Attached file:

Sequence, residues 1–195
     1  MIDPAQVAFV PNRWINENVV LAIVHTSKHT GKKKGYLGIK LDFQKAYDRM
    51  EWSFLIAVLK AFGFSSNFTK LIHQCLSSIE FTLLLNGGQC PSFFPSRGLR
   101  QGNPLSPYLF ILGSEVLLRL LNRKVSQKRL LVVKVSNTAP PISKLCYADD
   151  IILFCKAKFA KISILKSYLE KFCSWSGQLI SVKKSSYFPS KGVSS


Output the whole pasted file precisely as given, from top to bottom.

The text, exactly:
Sequence, residues 1–195
     1  MIDPAQVAFV PNRWINENVV LAIVHTSKHT GKKKGYLGIK LDFQKAYDRM
    51  EWSFLIAVLK AFGFSSNFTK LIHQCLSSIE FTLLLNGGQC PSFFPSRGLR
   101  QGNPLSPYLF ILGSEVLLRL LNRKVSQKRL LVVKVSNTAP PISKLCYADD
   151  IILFCKAKFA KISILKSYLE KFCSWSGQLI SVKKSSYFPS KGVSS